[0065] To generate (block 303) the voltage values, a current is passed to the single electrically conductive plate of the actuator sensor (Fig. 1 , 108), and from the plate, into the fluid or fluid vapor. As this current is passed to the actuator sensor (Fig. 1 , 108) plate and from the plate, into the fluid or fluid vapor, a voltage is measured and an impedance determined. [0066] !n some examples, multiple voltage values are generated (block 302). That is, as described above, a first voltage value may be generated during a "peak" time and a second voltage value may be generated during a "refill" time. These voltages together may form a profile against which a threshold is compared.

[0067] A state of the fluid actuator (Fig. 1 , 106) is then evaluated (block 304) based on a comparison of the voltages with the corrected threshold values. In this example, the corrected threshold value may be selected to clearly indicate a blocked, or otherwise malfunctioning, fluid actuator (Fig. 1 , 106). That is, the corrected threshold value may reflect differences between a peak and refill voltage expected during proper drive bubble formation. Accordingly, the threshold difference is determined such that a voltage difference lower than the threshold indicates improper bubble formation, and a voltage difference higher than the threshold indicates proper bubble formation. As such, the corrected threshold value, accounts for any increases or decreases in electrical conductivity resultant from differences in temperature, by adjusting the threshold against which measured voltages are compared.

[0068] Fig. 4 is a diagram of a fluidic die (101 ) with temperature-based actuator evaluation, according to an example of the principles described herein. As described above, the fluidic die (101) includes a substrate (102) on which various components are disposed. The fluidic die (101) also includes fluid feed slots (416-1 , 416-2) that deliver fluid to the ejection chambers (420), which is an example of a fluid chamber (Fig. 1 , 104). For simplicity, a few ejection chambers (420) are depicted, but the fluidic die (101) may include ejection chambers (420) that run the length of the fluid feed slots (416). While Fig. 4 depicts a fluid feed slots (416), other fluid delivery mechanisms may be used such as an array of fluid feed holes.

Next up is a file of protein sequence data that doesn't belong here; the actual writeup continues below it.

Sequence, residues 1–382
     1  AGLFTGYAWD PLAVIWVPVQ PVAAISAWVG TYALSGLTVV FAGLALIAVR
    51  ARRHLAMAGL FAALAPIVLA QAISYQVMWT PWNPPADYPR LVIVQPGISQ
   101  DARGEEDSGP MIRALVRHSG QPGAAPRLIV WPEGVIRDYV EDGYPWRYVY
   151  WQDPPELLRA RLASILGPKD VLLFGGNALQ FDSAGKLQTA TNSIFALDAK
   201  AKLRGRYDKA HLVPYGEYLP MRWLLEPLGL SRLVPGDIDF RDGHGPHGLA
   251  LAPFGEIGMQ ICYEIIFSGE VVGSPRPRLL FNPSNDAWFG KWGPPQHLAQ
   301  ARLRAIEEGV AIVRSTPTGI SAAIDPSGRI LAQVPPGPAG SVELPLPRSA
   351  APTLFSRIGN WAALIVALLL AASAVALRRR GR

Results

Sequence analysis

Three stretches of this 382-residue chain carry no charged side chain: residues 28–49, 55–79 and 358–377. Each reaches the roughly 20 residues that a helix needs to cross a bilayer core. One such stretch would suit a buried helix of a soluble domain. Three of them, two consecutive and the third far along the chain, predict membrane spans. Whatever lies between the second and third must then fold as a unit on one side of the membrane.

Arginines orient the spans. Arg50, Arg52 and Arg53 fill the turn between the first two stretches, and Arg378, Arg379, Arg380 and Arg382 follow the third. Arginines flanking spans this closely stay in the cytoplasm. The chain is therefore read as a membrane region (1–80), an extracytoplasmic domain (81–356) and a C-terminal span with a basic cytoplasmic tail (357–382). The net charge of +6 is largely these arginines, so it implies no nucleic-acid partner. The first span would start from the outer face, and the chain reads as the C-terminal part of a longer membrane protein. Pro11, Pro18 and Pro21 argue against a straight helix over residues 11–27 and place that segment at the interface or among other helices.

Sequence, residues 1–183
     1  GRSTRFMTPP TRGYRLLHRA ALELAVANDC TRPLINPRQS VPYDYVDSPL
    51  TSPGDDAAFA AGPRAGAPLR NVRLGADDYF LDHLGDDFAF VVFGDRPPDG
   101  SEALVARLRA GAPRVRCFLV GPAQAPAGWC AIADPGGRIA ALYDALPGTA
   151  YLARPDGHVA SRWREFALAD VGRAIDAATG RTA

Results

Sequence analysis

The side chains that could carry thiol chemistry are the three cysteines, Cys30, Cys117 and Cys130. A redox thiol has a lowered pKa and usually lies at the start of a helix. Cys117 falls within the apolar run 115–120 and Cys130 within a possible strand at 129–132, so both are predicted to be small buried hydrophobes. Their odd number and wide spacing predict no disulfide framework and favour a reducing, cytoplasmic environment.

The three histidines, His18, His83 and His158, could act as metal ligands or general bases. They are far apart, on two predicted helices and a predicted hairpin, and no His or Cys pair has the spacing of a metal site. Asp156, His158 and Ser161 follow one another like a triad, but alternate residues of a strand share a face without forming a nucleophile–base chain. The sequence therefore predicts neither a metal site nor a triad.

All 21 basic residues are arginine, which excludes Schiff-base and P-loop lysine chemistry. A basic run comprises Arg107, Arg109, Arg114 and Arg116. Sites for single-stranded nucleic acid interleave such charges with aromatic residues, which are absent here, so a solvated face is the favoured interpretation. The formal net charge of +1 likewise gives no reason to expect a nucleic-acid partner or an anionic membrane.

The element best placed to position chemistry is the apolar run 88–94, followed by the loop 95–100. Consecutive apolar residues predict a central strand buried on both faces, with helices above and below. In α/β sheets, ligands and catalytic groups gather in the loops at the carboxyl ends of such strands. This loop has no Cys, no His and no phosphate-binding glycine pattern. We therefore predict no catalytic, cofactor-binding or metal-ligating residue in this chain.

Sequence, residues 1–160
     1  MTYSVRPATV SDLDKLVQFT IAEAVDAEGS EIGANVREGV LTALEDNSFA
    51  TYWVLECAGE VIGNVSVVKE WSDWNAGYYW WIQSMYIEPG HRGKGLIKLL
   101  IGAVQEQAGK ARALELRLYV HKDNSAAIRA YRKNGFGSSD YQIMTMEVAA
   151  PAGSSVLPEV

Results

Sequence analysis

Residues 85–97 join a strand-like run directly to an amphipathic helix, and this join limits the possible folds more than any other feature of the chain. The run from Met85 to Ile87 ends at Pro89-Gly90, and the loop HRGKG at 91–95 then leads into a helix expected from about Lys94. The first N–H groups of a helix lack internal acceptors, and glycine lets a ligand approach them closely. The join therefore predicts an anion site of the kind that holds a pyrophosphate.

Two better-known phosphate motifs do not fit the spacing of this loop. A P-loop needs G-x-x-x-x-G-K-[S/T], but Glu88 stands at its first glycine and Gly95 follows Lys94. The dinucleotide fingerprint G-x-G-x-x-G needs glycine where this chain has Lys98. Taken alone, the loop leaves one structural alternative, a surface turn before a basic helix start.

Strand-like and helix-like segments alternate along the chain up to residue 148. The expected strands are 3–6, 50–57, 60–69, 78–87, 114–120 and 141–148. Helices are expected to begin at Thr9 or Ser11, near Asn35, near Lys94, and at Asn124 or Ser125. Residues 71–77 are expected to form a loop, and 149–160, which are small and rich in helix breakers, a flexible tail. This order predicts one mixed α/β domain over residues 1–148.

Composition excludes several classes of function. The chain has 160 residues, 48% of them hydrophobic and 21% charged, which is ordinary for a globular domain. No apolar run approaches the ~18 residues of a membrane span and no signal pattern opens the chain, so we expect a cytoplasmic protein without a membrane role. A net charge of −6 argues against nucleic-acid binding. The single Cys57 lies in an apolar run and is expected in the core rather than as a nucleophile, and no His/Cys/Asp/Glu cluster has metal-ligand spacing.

[0069] To eject fluid, each ejection chamber (420) includes a number of components. For example, an ejection chamber (420) includes an opening through which the amount of fluid is ejected, and a fluid actuator (Fig. 1 , 106) disposed within the ejection chamber (420), to eject the amount of fluid through the opening. Fig. 4 also depicts substrate temperature sensors (1 10) in the form of thermal sense resistors (TSRs) (110-1 , 110-2, 110-3) that run the length of the fluid feed slots (416).

[0070] Fig. 5 is a diagram of a fluidic die (101 ) with temperature-based actuator evaluation, according to an example of the principles described herein. As described above, the fluidic die (101) includes a substrate (102) on which various components are disposed. The fluidic die (101) also includes fluid feed slots (416-1 , 416-2) that deliver fluid to the ejection chambers (420), which is an example of a fluid chamber (Fig. 1 , 104). For simplicity, a few ejection chambers (420) are depicted, but the fluidic die (101) may include ejection chambers (420) that run the length of the fluid feed slots (416). Fig. 5 also depicts substrate temperature sensors (110) in the form of sense diodes that are spaced more closely than the thermal sense resistors depicted in Fig. 4. While Figs. 4 and 5 depict particular arrangements and types of substrate temperature sensors (110) other types of substrate temperature sensors (110) may be implemented in accordance with the principles described herein.